For full understanding of modern day slavery of migrant domestic workers I highly recommend the comic strip Almaz's story, by Benjamin Dix and Lindsay Pollock. Domestic workers held in slavery often see several of their rights being infringed simultaneously (WRC, para 6.7). In addition, the story of Abike by Positivenegatives is the perfect supplement to the documentary. Because, what MacIntyre fails to even mention, this brilliant comic strip explains in just a few pictures. It illustrates the various dynamics and underlying factors leading to situations of servitude and shines some light on women in sexual exploitation servitude in the UK.

According to the BBC, in 2012 two of the most prevalent instances of modern day slavery were sexual exploitation (accounting for 35% of the potential victims in 2012), followed by labour exploitation (23%). UK's Modern Slavery Act 2015, entered into force on 29 October 2015, sets out to tackle the issue of slavery. It has created two new civil orders to prevent modern slavery; it established an Anti-Slavery Commissioner; and made some provisions for the protection of victims. The organisation Anti-Slavery argues that the Act fails to guarantee minimum standards of protection of victim's rights. They also criticize that migrant domestic workers are required to prove they have been trafficked before they can leave their abusive employers for a new employer. For many, this requirement can be impossible to fulfil. WRC argues that when a domestic worker has no right to change employer, trafficking increases (2013, para 6.34).

What effect does this have?

Nowhere in its description does the BBC state that this is a documentary merely reflecting men's experiences. That leads me to ask the following questions: Are women's experiences niched? Can we really accept that women's experiences are treated as niched? Would we have to make an entirely separate documentary discussing modern day slavery as experienced by women? Would a documentary focusing on women's experiences be seen by a smaller audience? Would that documentary then have to reference women's experiences in the title or description? Britain's Secret Slavery Business surely did not state in its title that it set out to only analyse the experiences of men...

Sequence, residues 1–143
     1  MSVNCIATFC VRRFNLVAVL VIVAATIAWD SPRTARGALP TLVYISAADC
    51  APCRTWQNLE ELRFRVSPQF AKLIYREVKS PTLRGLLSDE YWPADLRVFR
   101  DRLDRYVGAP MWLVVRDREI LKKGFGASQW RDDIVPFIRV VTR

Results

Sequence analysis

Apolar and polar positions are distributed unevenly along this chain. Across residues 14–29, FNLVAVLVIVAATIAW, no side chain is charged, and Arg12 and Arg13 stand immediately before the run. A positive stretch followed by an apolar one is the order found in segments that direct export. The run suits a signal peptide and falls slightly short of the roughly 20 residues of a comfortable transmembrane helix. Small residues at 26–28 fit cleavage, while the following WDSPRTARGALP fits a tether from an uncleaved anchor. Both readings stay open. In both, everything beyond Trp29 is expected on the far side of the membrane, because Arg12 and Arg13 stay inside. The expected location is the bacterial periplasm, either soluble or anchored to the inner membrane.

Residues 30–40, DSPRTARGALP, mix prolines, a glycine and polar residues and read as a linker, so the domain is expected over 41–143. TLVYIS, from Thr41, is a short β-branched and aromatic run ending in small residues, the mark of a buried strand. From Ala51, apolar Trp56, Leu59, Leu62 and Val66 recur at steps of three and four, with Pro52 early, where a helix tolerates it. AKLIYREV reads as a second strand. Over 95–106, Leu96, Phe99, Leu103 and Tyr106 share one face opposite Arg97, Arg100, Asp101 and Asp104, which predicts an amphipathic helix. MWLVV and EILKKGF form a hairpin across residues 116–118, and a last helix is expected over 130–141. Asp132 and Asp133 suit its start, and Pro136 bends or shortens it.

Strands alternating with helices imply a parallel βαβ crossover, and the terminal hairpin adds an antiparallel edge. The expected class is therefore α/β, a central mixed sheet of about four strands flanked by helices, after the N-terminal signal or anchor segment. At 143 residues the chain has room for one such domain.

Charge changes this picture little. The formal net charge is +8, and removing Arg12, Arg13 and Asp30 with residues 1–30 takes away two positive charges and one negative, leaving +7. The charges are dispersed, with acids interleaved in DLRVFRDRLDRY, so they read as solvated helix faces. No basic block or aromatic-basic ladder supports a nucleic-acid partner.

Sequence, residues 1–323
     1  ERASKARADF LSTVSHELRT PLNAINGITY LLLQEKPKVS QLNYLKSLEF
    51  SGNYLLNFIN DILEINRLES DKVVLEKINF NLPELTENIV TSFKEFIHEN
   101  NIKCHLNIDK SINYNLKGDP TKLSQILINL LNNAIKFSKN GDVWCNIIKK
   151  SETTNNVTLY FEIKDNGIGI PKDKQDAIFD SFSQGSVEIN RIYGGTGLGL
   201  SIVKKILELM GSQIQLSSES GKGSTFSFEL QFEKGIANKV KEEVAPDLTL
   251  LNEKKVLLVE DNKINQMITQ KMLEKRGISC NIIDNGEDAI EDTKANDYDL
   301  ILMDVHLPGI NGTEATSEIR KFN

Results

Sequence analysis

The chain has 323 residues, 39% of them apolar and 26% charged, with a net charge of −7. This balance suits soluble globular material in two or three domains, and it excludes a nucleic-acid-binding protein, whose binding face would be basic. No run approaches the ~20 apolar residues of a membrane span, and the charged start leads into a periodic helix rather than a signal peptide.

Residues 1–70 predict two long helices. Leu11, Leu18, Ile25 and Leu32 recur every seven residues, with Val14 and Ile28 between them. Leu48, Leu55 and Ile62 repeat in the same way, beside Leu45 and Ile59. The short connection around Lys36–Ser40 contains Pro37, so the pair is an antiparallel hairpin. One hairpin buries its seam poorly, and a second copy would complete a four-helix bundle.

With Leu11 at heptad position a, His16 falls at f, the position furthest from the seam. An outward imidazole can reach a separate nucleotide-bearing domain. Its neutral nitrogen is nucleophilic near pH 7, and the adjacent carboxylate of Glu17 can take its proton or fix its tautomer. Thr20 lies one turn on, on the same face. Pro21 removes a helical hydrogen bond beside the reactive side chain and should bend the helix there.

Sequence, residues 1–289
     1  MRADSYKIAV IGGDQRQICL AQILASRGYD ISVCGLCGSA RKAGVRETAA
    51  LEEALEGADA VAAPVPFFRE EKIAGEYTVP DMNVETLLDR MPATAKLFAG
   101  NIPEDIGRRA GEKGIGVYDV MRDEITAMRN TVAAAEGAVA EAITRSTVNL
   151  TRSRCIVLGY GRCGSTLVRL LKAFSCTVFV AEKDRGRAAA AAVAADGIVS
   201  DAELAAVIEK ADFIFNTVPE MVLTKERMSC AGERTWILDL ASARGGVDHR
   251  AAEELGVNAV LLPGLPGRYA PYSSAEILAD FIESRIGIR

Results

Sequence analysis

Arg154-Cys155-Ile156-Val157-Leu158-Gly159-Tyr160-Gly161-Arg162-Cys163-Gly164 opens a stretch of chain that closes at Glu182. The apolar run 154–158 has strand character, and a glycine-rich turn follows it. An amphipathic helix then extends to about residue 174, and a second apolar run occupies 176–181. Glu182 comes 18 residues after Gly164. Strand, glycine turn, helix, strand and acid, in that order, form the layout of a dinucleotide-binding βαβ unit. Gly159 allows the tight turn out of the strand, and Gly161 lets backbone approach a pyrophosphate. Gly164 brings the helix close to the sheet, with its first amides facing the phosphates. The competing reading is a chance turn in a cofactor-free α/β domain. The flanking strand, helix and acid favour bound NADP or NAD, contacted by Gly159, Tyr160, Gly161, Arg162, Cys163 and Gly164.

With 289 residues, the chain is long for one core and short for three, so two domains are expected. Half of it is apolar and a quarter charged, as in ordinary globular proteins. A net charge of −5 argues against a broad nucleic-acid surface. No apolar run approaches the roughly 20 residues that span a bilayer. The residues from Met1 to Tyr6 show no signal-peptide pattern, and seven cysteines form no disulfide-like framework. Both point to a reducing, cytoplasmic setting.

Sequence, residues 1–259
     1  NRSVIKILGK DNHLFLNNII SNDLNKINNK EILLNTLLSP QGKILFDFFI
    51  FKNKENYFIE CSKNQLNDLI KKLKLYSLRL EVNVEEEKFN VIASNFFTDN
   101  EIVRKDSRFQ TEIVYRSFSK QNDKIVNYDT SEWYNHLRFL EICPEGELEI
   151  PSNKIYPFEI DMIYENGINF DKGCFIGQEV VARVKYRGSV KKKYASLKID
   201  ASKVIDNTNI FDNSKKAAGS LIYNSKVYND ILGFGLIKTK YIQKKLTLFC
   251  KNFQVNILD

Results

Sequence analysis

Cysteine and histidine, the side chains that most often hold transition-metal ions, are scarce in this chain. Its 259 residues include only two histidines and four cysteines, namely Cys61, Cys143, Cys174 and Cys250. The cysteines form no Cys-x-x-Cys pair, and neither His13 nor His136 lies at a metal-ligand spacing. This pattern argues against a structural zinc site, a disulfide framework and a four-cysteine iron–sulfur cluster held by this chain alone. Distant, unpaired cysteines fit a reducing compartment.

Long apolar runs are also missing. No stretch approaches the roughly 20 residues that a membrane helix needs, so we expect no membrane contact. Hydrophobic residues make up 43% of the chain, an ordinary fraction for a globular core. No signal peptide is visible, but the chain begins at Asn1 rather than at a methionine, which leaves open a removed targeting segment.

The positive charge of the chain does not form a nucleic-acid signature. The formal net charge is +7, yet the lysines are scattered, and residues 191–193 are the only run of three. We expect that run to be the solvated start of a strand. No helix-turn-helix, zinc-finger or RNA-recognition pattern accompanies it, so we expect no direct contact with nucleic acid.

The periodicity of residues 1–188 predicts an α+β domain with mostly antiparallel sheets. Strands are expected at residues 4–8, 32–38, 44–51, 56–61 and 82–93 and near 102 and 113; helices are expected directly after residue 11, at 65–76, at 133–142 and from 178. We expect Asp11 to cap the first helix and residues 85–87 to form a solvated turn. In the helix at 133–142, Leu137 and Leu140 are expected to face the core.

Another problematic dimension of the documentary can be seen when asked why women's experiences were excluded. Women usually work in unregulated informal sectors (WRC, para 9.38). Did MacIntyre purposely disregard the lived experiences of women and girls as their work did not fit the category of "public work"; seen as domestic work takes place in the home and not in the general public? If so, he then reinforces the stereotypical and essentialist assumption about women's roles in the public/private as discussed by Hilary Charlesworth and Christine Chinkin. Meaning, their unrecognized labour performed in the private is of less value than the work done by men in the public.

The documentary strongly suggests that it is up for the consumer to do the analysis. If there is a team of five washing your car for 30 minutes and all you pay them are £3, then you should be able to tell that something is wrong. It is true though, consumers do need to be wary, but with such a strong and important message it is unacceptable to neglect women as it proposes that women are of lesser value than men. Even if MacIntyre was not able to set up any interviews with women, their stories still could and needed to have been told.

MacIntyre really does this incredibly important topic some great injustice by neglecting women in his analysis, and I would even go so far as to say it renders the documentary to bad journalism.